She had set the CCP’s inauguration in January 1969, but had to postpone it because funds were running out from campaign overspending. The project cost ballooned as the construction went on.
According to Lico, the original budget for CCP was P15 million, but that it actually cost P35 million. By December 1968, the cost had already reached P48 million, with only three-fourths of the work finished.
Imelda then sought a $7-million loan abroad, which prompted opposition Sen. Benigno Aquino Jr. to call a Senate investigation into the project. He called the CCP “an institution for the elite, a center for the performing arts which was partial to foreign artists.”
According to a 1994 report, “by 1972, the CCP was already burdened with a debt amounting to P63 million, incurred mainly from the construction of the theater alone.”
The buildings at the CCP Complex were built in a short span of two decades, from 1966 to 1982. This was reflected in her work mantra: “What the First Lady wants, the First Lady gets,” which was viewed as a symptom of her edifice complex.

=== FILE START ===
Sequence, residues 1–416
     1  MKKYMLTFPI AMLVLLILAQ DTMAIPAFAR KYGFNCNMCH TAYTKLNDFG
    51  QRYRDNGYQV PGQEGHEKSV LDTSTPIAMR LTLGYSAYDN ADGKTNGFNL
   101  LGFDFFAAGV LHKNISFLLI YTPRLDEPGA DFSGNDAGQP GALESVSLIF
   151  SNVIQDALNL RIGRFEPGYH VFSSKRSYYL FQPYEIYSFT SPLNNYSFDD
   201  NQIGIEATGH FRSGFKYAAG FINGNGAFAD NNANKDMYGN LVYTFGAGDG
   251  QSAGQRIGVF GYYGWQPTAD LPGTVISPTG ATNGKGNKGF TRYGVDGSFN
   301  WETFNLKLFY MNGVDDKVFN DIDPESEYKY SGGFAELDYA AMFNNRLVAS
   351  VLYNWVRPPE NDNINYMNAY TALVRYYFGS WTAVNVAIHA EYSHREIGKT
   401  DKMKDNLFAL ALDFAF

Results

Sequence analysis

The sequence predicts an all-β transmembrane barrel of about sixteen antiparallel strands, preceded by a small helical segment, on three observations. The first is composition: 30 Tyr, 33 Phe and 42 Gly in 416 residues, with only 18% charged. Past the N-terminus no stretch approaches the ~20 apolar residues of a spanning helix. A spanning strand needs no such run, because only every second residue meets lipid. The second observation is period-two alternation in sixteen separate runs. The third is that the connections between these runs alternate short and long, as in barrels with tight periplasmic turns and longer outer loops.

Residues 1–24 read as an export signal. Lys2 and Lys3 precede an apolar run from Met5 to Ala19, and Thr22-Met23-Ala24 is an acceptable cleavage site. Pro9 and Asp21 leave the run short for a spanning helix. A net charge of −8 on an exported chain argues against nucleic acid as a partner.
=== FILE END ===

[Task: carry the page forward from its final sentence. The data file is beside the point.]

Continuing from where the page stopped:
Imelda was “construction foreman extraordinaire,” Augusto Villalon wrote in his Inquier column, as she built structures in record time.
This work ethic reached a tipping point when Imelda compressed the construction work of the Manila Film Center to just 10 months so the government would have a venue for the first Manila International Film Festival (MIFF) slated on Jan. 18, 1982.
Two months before the deadline set by Imelda, the sixth floor collapsed on an unknown group of workers in November 1981. Work reportedly did not stop for the recovery of the bodies and they were buried along with the cement and debris.
The number of those killed remained unclear due to heavy censorship at the time. Baltazar Endriga, former CCP chair, once estimated it in previous reports at 30, while a group of psychics claimed it could be more than 100.
The $25-million Manila Film Center, designed by architect Froilan Hong, was completed on time and was hailed by some foreign press. Over 300 guests came to the MIFF, including Hollywood A-listers George Hamilton, Sylvester Stallone, and Brooke Shields.